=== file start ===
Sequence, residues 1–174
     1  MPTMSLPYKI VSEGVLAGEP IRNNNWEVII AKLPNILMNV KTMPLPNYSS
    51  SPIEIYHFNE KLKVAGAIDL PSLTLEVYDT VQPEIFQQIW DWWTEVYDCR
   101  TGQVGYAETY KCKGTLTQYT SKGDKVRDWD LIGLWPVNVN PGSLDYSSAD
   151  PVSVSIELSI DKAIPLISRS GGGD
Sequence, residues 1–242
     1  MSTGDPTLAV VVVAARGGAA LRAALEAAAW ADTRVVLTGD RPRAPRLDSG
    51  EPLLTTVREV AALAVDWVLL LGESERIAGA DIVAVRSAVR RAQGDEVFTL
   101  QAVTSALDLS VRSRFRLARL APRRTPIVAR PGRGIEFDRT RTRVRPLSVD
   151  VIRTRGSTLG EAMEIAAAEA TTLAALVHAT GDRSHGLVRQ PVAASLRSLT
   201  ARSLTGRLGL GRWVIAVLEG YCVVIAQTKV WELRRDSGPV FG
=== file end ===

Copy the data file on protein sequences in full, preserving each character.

Sequence, residues 1–174
     1  MPTMSLPYKI VSEGVLAGEP IRNNNWEVII AKLPNILMNV KTMPLPNYSS
    51  SPIEIYHFNE KLKVAGAIDL PSLTLEVYDT VQPEIFQQIW DWWTEVYDCR
   101  TGQVGYAETY KCKGTLTQYT SKGDKVRDWD LIGLWPVNVN PGSLDYSSAD
   151  PVSVSIELSI DKAIPLISRS GGGD
Sequence, residues 1–242
     1  MSTGDPTLAV VVVAARGGAA LRAALEAAAW ADTRVVLTGD RPRAPRLDSG
    51  EPLLTTVREV AALAVDWVLL LGESERIAGA DIVAVRSAVR RAQGDEVFTL
   101  QAVTSALDLS VRSRFRLARL APRRTPIVAR PGRGIEFDRT RTRVRPLSVD
   151  VIRTRGSTLG EAMEIAAAEA TTLAALVHAT GDRSHGLVRQ PVAASLRSLT
   201  ARSLTGRLGL GRWVIAVLEG YCVVIAQTKV WELRRDSGPV FG